For me personally, I think being a few states away from my loved ones is hard. Living a year away from someone you hold so closely like your partner, is another story. Melanie and her partner Mike have been living a transatlantic relationship for the past year. She said she rarely saw him and those times together were so special. Their last trip to Scotland together was to drive through the countryside together and take in all the beauty found there. She was able to move back after over a year of separation and this piece hangs in their home to remind them of the strength and love that conquers distance. 


inspiration _ emily jeffords

http://emilyjeffords.com - check her out. 

I've always been really inspired by oil paintings, especially landscapes. I came across Emily Jeffords through Instagram where I've religiously followed her work and process. While our pieces reflect opposite coasts, there's something telling in her paintings that remind me of the Pacific Ocean. I particularly fell in love with her Silence and Mystery piece which she gladly allowed me to translate into fiber terrain. My interpretation yielded stormy Pacific Ocean skies with clearing rays. The top half of this weaving was produced while on vacation in Montana and as I look back on it, I think the thunderstorms had a bit of influence as well... :) 

process _ a pacific coast collection

Naturally I feel inclined to boast my love of the Pacific through weavings. The more I started to weave, the more I realized a connection I was making to something far bigger than what my hand loom could create. 

And I think we all yearn to be back where we make happy memories and can feel the sand between our toes. I think about the tall grass surrounding me as I walk through the salty air and arrive before the water. Those moments of clarity in knowing you're exactly where you should be. This is the euphoria in living here.


I started to gather driftwood months before I picked up my loom. I found shells and sand dollars and beautifully-shaped rocks and I brought it all home. Every time we visited, something came with me, as if I eventually thought the ocean would step into my pocket as well. We visited numerous coastal towns and gathered vivid memories of the landscape; took pictures and had picnics.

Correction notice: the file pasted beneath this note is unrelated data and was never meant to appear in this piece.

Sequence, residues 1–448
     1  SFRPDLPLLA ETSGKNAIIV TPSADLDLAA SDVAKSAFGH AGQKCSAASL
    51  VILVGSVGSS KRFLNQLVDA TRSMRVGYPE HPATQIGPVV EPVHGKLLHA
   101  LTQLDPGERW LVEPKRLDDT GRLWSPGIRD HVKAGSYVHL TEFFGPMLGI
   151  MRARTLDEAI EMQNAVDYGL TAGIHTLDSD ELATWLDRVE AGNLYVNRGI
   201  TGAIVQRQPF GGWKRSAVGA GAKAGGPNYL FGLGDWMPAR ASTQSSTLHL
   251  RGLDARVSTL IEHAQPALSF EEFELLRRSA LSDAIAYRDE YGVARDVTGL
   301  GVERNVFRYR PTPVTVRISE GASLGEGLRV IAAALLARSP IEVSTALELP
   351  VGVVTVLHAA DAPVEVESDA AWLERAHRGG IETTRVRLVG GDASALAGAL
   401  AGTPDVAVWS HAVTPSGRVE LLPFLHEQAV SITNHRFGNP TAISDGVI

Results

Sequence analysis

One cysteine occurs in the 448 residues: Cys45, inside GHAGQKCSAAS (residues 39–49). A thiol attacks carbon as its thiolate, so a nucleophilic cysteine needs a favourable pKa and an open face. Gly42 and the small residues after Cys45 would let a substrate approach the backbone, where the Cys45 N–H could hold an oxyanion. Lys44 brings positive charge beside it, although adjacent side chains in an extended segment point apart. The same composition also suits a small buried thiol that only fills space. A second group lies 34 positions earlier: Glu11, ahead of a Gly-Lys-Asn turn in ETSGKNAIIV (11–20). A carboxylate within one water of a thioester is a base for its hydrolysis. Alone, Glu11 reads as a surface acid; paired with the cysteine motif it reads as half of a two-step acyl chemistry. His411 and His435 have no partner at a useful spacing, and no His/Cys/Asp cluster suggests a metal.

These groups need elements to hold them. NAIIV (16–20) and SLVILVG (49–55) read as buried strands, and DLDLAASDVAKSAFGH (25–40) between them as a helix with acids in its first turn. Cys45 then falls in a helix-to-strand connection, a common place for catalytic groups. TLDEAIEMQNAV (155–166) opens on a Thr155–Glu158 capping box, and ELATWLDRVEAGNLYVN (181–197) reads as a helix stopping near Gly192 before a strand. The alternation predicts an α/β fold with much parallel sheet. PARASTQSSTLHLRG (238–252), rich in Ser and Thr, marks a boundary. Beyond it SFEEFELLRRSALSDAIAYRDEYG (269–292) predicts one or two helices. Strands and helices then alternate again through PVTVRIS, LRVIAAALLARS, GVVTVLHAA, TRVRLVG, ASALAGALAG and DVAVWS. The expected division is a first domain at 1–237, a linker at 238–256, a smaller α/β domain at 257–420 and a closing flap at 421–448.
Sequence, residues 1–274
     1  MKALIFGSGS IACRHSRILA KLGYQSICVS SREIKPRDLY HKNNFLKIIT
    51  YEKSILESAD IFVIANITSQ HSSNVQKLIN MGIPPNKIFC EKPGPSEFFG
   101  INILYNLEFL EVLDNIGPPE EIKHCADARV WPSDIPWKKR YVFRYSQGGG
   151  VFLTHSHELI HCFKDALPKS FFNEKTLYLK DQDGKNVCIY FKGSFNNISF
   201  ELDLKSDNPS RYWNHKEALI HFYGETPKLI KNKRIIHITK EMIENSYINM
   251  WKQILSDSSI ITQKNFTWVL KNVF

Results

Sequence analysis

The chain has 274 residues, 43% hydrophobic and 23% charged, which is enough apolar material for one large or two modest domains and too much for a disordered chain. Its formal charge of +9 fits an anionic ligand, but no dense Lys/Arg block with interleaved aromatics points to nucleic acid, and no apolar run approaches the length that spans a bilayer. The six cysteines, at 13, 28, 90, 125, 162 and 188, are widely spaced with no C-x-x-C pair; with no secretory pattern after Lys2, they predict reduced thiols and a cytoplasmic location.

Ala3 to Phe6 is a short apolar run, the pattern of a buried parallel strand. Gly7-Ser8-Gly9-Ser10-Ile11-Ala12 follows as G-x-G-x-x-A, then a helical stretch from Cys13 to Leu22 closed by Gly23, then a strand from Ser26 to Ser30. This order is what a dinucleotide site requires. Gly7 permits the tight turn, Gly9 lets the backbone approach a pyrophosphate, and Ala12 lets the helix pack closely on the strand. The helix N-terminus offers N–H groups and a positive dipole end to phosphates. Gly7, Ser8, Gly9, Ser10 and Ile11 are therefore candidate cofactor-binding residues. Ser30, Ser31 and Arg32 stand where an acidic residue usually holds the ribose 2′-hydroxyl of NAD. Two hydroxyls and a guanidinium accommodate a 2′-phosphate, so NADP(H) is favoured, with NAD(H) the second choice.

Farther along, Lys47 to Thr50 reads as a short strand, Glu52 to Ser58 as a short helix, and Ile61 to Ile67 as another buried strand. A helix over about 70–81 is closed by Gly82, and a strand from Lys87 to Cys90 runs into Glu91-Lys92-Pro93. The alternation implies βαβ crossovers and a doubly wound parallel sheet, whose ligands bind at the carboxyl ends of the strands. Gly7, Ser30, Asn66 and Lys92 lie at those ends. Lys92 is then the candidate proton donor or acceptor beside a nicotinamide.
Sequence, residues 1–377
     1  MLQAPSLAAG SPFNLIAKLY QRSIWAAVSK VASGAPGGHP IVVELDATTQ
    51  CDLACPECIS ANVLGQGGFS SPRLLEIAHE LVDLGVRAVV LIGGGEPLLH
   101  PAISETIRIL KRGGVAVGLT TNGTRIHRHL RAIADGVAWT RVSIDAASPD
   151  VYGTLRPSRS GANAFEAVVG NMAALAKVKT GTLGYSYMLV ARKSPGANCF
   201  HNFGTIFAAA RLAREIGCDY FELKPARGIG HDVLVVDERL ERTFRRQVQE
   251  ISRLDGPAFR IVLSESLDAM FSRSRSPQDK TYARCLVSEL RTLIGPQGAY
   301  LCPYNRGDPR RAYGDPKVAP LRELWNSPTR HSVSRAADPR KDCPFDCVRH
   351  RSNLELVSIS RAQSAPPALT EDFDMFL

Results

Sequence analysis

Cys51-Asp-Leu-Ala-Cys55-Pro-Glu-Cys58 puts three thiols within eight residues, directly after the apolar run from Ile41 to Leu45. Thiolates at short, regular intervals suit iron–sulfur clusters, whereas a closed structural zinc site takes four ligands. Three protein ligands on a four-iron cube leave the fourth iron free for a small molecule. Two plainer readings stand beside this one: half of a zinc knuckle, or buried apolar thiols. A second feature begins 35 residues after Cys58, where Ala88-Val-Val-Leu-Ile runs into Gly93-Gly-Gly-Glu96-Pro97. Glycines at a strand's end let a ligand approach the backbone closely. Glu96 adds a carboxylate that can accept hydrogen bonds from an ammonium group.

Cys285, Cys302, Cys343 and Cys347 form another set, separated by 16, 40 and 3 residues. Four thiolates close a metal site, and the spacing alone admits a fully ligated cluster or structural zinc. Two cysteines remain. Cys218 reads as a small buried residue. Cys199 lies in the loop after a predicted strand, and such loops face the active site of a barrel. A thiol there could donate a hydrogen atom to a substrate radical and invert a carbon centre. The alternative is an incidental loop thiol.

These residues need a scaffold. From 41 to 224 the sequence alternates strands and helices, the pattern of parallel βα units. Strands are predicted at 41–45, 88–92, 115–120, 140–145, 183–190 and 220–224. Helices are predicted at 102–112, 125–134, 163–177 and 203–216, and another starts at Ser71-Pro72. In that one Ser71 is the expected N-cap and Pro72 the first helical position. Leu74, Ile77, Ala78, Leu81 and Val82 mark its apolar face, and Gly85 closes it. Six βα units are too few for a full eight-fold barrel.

And then I sat down at my loom and started weaving these feelings and these memories. I realized how happy I was to transform this piece of my life into something that could be shared. I hope you enjoy my Pacific Coast Collection.

now _ 365 days in natural light

I'm celebrating a year in [sunny] Portland, Oregon this upcoming week and I couldn't be more excited to reflect upon this past year's achievements.

The older I get, the more I realize the power a year can give me in the form of vision, determination and exposure. There are opportunities that present themselves and passions that find a way to make even the bright days, brighter. Weaving came into my life a long time ago, but only lately found it's purpose. Upon reflection of the last year, I've been made aware of how the landscape of this Pacific Northwest region inspires my creativity yet pushes my boundaries. I'm inspired to explore, grow, learn and do; to transform this landscape into woven pictures and understand the relationship between what I see and what I feel. And I love it.

Here in the Pacific Northwest, I can tell you a little - or a lot - about natural light. I see life through a completely different transparency than I ever have before. I've learned to love the shades of sunlight, cloudy skies and the rain - so different from where I grew up. But more importantly, I've learned to savor the days that make me feel the best, the days where opportunities feel endless and even the days where I have to create this light for myself. Portland's track record is far from three hundred and sixty five days of sunshine, but it doesn't have to feel like it. 

The tangible light - the controlled value shifts of northern light is what I've found to be the best medium in my work. Much of what I weave comes with the guidance of daylight. Our first studio had west-facing windows and both the heat + direct light was hard to manage, but we were more than thankful during the winter months when the light was more abundant than other spaces in the city. Our current abode has big, beautiful north-facing windows and Alex and I are constantly amazed by how beautiful the light is in the space. My favorite spot to weave is right by the window - fiber everywhere and music humming. Thanks for letting me ponder across these pages!